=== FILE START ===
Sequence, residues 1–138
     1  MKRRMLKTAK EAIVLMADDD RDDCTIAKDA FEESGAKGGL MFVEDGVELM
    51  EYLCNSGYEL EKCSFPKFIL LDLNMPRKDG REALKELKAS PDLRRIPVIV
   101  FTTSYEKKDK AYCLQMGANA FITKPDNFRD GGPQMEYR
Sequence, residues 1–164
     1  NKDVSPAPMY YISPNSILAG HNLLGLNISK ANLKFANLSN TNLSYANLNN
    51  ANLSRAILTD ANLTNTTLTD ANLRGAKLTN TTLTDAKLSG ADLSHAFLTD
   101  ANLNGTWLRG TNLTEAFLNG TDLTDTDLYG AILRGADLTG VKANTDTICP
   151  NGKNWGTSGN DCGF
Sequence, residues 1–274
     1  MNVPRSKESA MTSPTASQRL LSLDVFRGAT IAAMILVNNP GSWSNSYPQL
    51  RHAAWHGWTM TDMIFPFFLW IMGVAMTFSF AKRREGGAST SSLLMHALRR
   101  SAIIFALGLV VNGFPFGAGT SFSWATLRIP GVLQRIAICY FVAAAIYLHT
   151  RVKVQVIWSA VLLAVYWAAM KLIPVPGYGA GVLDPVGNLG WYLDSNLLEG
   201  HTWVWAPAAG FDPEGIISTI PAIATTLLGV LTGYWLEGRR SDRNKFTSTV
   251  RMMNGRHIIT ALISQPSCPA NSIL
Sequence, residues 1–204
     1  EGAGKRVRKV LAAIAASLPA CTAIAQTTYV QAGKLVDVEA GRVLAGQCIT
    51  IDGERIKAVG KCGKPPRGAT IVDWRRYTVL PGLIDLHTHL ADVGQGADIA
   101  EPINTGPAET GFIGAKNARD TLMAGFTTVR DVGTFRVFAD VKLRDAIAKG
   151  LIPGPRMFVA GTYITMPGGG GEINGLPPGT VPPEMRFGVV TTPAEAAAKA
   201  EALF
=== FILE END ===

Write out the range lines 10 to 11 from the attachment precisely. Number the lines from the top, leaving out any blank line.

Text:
Sequence, residues 1–274
     1  MNVPRSKESA MTSPTASQRL LSLDVFRGAT IAAMILVNNP GSWSNSYPQL